This Is What the Entire Known Universe Looks Like In A Single Image

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Isn’t it
beautiful? This is an illustrated logarithmic scale conception of the
observable Universe with the Solar System at the center.

the Solar System are the inner and outer planets, Kuiper belt, Oort cloud,
Alpha Centauri star, Perseus Arm, Milky Way galaxy, Andromeda galaxy, other
nearby galaxies, the cosmic web, cosmic microwave radiation, and invisible plasma produced by the Big Bang at the very edges. See below for uncropped and
zoomable versions.

Created by
musician and artist Pablo Carlos Budassi, the image is based on logarithmic
maps of the Universe put together by Princeton University researchers, as well
as images produced by NASA based on observations made by their telescopes and
roving spacecraft.
Princeton team, led by astronomers J Richard Gott and Mario Juric, based their
logarithmic map of the Universe on data from the Sloan Digital Sky Survey,
which over the past 15 years has been using a 2.5-metre, wide-angle optical
telescope at Apache Point Observatory in New Mexico to create the most detailed
three-dimensional maps of the Universe ever made, including spectra for more
than 3 million astronomical objects.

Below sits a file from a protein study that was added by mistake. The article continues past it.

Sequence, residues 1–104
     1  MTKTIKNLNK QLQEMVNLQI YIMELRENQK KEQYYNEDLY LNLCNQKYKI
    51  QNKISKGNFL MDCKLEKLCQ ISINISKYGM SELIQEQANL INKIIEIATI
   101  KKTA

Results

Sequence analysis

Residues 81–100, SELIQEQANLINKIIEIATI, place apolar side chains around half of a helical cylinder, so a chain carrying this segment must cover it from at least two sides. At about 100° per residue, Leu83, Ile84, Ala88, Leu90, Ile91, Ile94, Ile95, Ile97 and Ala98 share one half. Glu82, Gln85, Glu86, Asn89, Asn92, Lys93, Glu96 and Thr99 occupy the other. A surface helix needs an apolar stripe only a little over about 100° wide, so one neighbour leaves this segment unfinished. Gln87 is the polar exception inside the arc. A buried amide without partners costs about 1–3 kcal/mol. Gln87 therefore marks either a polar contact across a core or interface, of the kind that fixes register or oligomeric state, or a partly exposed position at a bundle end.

maps are a really handy way of visualizing something as inconceivably huge as
the observable Universe, because each increment on the axes increases by a
factor of 10 (or order of magnitude) rather than by equal increments. The
Princeton team published them in the Astrophysical Journal back in 2005, but
you can browse through and download them at this website.
incredibly helpful, logarithmic maps aren’t much to look at, so Pablo Carlos
Budassi decided to make something a bit more palatable. According to Kelly Dickerson over at Tech Insider, he got the idea of turning it into a giant
circle when making hexaflexagons for his son’s birthday one year. Hexaflexagons
are paper polygons with a deceptively large number of faces – you probably made
them in school without knowing their proper name.
Pablo Carlos
I was drawing hexaflexagons for my son’s birthday souvenirs, I started drawing
central views of the cosmos and the Solar System
,” Budassi told Tech Insider. “That day the idea of a logarithmic view came, and in the next
days I was able to [assemble] it with Photoshop using images from NASA and some
textures created [on] my own.
Head here
for a full-sized version of the image by Budassi, and watch below to see a different kind of cosmic visualization produced by astronomers at the
University of Hawaii – this one is of our Milky Way galaxy, in relation to
100,000 neighboring galaxies:

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